4. Recreation


Be it the heave and grunt of a disc golfer in the Lehigh Parkway, the whir of a bicycle passing in Trexler Park or the heavy footsteps of a runner on the gravel path at Cedar Beach Parkway; there is a constant active usage in our city parks. Combined with picnics, walks, sun tanning and a whole mess of other activities, it is safe to say that the fourth point of a City Park is recreation.

Yesterday, Michael Drabenstott commented on my blog post describing the third point of a City Park. Mr. Drabenstott said:" An amazing running community exists in Lehigh Parkway. I routinely see the same happy, friendly people week after week. You see them at races and volunteering at kids events. They're committed to fitness and to being outdoors whether it's 20 degrees and snowy or 80 degrees and humid. I don't know everyone's name. I probably never will. But with a smile, brief wave and nod of the head, we acknowledge to one another that we share important values that make us part of the same community."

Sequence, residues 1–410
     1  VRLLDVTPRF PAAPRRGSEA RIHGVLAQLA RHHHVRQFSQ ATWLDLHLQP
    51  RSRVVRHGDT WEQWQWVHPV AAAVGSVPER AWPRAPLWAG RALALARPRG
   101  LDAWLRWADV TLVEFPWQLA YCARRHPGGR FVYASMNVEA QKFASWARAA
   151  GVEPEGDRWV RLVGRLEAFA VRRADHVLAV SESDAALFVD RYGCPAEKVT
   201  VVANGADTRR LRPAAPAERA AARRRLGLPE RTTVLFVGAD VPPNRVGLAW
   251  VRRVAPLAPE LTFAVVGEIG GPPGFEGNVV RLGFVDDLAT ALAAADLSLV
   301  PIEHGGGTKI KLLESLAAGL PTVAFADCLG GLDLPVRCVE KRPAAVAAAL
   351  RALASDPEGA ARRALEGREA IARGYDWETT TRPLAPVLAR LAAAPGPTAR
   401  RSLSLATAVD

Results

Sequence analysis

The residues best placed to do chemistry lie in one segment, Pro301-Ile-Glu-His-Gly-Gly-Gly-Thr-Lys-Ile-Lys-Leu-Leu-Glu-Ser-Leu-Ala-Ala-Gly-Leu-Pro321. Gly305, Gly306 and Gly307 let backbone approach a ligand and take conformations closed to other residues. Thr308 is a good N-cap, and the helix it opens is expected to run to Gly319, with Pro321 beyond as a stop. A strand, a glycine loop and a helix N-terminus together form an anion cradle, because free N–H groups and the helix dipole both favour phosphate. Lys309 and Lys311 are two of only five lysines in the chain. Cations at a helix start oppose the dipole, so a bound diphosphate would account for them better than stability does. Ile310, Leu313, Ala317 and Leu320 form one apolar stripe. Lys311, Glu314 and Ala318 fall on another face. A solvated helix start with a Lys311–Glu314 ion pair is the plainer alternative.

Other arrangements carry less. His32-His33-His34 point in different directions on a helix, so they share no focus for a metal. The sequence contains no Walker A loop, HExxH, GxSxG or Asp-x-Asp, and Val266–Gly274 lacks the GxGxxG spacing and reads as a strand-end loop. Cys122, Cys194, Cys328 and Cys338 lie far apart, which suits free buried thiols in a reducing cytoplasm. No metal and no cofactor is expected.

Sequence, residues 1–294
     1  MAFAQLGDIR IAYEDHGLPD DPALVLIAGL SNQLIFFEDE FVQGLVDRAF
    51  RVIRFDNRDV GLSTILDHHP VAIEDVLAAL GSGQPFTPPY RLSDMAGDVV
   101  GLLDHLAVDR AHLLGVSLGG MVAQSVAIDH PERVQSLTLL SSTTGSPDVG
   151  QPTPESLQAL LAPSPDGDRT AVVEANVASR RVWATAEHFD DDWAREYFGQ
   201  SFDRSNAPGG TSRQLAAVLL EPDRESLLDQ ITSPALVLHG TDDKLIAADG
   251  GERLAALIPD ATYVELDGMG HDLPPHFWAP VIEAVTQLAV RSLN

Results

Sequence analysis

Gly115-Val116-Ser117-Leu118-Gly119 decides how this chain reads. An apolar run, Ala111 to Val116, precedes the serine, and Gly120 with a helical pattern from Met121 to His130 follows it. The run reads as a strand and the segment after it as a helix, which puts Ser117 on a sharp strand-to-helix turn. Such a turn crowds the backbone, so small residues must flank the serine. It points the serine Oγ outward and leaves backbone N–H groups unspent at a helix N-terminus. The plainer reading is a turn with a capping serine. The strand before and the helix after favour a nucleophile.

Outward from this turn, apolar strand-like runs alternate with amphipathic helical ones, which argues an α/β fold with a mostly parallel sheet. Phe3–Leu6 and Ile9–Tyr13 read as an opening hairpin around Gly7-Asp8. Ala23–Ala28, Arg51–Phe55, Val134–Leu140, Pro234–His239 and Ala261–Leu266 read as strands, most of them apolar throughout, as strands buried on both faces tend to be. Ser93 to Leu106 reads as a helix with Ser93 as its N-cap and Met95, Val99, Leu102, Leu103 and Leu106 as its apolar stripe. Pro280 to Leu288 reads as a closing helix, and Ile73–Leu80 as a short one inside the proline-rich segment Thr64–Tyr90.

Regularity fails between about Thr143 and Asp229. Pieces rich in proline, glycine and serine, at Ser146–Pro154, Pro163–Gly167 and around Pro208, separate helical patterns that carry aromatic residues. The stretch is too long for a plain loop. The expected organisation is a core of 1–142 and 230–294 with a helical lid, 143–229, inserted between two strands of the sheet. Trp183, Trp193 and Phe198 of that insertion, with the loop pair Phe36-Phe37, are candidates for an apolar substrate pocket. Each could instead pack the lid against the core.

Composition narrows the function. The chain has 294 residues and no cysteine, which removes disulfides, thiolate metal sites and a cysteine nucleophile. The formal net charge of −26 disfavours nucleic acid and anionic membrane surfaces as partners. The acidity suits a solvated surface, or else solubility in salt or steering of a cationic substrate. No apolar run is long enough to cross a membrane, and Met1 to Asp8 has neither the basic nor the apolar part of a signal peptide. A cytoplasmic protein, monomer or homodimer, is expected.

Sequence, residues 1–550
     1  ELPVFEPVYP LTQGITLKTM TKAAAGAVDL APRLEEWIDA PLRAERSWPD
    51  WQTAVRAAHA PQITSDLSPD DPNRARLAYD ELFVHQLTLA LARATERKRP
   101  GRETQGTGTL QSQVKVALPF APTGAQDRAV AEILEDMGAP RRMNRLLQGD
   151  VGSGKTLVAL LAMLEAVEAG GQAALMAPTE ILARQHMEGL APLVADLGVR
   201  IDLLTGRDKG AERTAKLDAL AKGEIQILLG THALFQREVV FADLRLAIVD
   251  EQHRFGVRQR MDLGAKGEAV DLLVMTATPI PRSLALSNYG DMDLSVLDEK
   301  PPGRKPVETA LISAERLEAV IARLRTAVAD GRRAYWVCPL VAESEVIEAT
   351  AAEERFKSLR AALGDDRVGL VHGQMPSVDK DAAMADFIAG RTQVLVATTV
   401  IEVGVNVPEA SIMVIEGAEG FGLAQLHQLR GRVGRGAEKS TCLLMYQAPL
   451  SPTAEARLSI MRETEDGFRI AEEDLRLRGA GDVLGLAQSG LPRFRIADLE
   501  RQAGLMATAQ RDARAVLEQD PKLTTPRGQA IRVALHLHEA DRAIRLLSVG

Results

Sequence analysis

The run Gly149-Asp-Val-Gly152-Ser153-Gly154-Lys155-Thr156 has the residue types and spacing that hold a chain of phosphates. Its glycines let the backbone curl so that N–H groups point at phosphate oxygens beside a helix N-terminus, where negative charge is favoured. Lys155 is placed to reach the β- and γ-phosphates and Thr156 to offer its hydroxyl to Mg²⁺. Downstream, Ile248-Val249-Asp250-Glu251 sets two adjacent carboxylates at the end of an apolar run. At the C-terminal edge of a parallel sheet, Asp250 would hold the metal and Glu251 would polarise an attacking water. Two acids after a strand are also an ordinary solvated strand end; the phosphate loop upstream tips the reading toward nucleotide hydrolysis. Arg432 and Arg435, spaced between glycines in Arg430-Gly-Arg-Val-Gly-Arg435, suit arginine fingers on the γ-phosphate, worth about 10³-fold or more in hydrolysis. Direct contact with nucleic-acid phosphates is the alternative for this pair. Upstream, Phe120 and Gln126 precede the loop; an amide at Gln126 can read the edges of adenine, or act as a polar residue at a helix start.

The intersection of recreation, community, refuge and reflection he described in that post perfectly sums up this series of posts. Throughout our park system and on a daily basis, these tracts of land are actively used. For as much as our parks should be (and aren’t always) sanctuaries of Nature, they too must also be places where the citizens of Allentown can and do go to engage in those aforementioned recreational activities.

When I wrote the first post about the purposes of a City Park, an anonymous commenter seemed rather miffed that I had taken umbrage at the idea that some folks use our parks as mere places to run. This commenter went on to chide me for my seeming generalization of runners. His passion for the manner in which he uses our parks is exactly why recreation is so important to them.